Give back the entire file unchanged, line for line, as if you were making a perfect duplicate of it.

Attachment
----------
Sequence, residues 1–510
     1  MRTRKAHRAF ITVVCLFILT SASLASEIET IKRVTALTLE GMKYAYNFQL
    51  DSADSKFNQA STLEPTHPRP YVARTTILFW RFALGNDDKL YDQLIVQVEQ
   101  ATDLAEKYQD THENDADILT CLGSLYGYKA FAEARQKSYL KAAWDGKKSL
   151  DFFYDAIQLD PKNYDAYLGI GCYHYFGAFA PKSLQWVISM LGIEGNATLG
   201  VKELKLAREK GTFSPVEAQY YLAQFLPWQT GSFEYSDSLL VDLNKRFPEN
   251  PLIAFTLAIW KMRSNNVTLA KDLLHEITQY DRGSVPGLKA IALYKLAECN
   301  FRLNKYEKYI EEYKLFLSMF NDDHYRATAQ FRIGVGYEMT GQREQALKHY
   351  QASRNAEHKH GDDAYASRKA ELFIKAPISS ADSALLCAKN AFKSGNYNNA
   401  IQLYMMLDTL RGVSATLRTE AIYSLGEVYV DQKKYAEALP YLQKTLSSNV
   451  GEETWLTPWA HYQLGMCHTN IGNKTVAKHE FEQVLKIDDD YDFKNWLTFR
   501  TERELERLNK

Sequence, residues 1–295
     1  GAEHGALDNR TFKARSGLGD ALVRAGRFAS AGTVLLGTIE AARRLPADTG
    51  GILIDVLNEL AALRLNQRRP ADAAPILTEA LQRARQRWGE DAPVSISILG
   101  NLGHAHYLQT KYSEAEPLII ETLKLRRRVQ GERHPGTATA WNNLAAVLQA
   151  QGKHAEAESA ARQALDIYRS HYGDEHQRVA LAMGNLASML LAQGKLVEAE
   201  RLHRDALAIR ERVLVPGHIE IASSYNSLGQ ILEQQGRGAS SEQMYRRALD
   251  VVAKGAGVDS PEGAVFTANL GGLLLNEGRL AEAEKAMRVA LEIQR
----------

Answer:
Sequence, residues 1–510
     1  MRTRKAHRAF ITVVCLFILT SASLASEIET IKRVTALTLE GMKYAYNFQL
    51  DSADSKFNQA STLEPTHPRP YVARTTILFW RFALGNDDKL YDQLIVQVEQ
   101  ATDLAEKYQD THENDADILT CLGSLYGYKA FAEARQKSYL KAAWDGKKSL
   151  DFFYDAIQLD PKNYDAYLGI GCYHYFGAFA PKSLQWVISM LGIEGNATLG
   201  VKELKLAREK GTFSPVEAQY YLAQFLPWQT GSFEYSDSLL VDLNKRFPEN
   251  PLIAFTLAIW KMRSNNVTLA KDLLHEITQY DRGSVPGLKA IALYKLAECN
   301  FRLNKYEKYI EEYKLFLSMF NDDHYRATAQ FRIGVGYEMT GQREQALKHY
   351  QASRNAEHKH GDDAYASRKA ELFIKAPISS ADSALLCAKN AFKSGNYNNA
   401  IQLYMMLDTL RGVSATLRTE AIYSLGEVYV DQKKYAEALP YLQKTLSSNV
   451  GEETWLTPWA HYQLGMCHTN IGNKTVAKHE FEQVLKIDDD YDFKNWLTFR
   501  TERELERLNK

Sequence, residues 1–295
     1  GAEHGALDNR TFKARSGLGD ALVRAGRFAS AGTVLLGTIE AARRLPADTG
    51  GILIDVLNEL AALRLNQRRP ADAAPILTEA LQRARQRWGE DAPVSISILG
   101  NLGHAHYLQT KYSEAEPLII ETLKLRRRVQ GERHPGTATA WNNLAAVLQA
   151  QGKHAEAESA ARQALDIYRS HYGDEHQRVA LAMGNLASML LAQGKLVEAE
   201  RLHRDALAIR ERVLVPGHIE IASSYNSLGQ ILEQQGRGAS SEQMYRRALD
   251  VVAKGAGVDS PEGAVFTANL GGLLLNEGRL AEAEKAMRVA LEIQR